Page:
Wednesday, August 21, 2013

Sermon on Hebrews 11:17-31, 12:1-3, for the 13th Sunday after Pentecost, "Look to Jesus"

Grace, mercy, and peace to you from God our Father and from our Lord and Savior Jesus Christ, Amen.

Therefore, since we are surrounded by so great a cloud of witnesses, let us also lay aside every weight, and sin which clings so closely, and let us run with endurance the race that is set before us, 2 looking to Jesus, the founder and perfecter of our faith, who for the joy that was set before him endured the cross, despising the shame, and is seated at the right hand of the throne of God. 3 Consider him who endured from sinners such hostility against himself, so that you may not grow weary or fainthearted.

Modern day races are a great example of sportsmanship and athleticism—of fair competition and achievement. We have a high expectation that athletes in any sport, and certainly runners as well, will fairly compete to the best of their ability, without cheating or using performance-enhancing drugs. We expect that “fair play” means that they wouldn’t stoop to tripping or shoving other runners to get ahead, but win by honest effort and hard training. We’re greatly disappointed when we learn that athletes have cheated or “doped up” on steroids or other substances, and we’re outraged when terrorists bombed the spectators and runners at the Boston Marathon. Not only was it a gross violation of life, but an inexplicable act of brutality. It goes without saying that we don’t expect runners in a race to face willful intent to harm them.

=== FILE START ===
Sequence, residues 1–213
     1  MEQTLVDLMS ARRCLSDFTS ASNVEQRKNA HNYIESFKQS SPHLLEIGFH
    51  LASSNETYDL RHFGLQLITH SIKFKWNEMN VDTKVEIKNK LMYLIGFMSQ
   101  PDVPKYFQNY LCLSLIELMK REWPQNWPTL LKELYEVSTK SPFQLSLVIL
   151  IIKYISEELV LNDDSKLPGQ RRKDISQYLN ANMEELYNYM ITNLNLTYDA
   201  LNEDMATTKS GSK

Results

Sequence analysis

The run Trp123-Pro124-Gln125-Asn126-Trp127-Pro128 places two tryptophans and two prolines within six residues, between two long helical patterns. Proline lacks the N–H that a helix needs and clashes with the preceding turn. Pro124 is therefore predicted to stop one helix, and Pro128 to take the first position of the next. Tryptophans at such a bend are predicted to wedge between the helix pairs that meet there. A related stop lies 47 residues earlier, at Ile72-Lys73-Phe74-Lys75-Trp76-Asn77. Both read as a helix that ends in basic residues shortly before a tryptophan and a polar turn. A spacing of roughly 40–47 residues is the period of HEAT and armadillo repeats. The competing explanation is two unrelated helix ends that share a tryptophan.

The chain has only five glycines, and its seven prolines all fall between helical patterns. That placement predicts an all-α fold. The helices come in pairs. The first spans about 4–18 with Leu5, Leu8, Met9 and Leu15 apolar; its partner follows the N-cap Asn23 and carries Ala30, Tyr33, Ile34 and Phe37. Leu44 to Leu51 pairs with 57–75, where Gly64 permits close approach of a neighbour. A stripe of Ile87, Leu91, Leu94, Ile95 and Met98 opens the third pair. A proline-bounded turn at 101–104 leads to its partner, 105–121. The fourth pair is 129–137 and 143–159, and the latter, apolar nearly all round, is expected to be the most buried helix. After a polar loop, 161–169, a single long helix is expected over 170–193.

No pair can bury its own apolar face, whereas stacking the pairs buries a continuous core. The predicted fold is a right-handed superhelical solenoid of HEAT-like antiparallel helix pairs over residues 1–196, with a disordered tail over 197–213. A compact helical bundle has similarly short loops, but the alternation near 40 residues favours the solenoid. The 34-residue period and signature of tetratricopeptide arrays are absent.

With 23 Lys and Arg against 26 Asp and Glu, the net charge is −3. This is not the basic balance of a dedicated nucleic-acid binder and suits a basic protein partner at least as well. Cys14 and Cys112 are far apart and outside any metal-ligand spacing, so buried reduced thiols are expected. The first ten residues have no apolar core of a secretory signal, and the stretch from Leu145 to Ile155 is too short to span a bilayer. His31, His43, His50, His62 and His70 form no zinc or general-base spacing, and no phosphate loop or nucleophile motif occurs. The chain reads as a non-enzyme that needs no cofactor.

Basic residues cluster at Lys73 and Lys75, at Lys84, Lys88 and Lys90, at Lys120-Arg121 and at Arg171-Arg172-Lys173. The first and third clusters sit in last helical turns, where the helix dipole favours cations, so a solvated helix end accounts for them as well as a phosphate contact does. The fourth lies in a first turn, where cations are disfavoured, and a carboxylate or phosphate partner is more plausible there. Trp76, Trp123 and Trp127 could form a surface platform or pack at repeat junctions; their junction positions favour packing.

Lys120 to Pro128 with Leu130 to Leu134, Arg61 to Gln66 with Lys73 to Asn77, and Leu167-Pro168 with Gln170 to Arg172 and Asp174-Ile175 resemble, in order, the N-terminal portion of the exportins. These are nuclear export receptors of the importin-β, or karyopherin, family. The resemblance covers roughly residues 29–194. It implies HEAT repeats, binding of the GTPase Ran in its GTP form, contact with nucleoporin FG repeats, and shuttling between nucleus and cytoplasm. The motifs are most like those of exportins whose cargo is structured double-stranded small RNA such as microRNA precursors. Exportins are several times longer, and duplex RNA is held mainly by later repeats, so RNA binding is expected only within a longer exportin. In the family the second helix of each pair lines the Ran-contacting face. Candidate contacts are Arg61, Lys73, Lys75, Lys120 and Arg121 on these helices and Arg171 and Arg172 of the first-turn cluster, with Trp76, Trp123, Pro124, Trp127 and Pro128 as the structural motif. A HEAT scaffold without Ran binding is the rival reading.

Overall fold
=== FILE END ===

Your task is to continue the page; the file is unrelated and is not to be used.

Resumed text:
As Christians, you are running in a race that is set before you. It’s a race run by faith, and like a marathon, it’s a long haul. Your whole life as a Christian, you run this race by faith. But this race is not so fair as a sportsmen-like marathon. This race is not without weights or burdens that are imposed on us or that we picked up ourselves. Sometimes we carry tremendous burdens of guilt or shame, unwilling or unable to look to God for forgiveness. Or we’ve suffered wrongs at the hands of others, and feel unable to escape the damage. We think our guilt or shame is ours alone to bear, and the only way it could be lifted is if we suffer enough to make up for our wrongs. Or we consider ourselves unworthy of God’s help. Or we value self-reliance so much that we’re too proud to seek God’s help. It would be as though a giant boulder held you pinned to the ground, and you imagined that it was your duty to lift it, or someone shouted to you that if you just “believed in yourself” you could do it. But this would be impossible without the “burden-bearer” Jesus Christ. He is the One to whom we turn our eyes. The One who beckons the weak and heavy-laden to come to Him and find rest.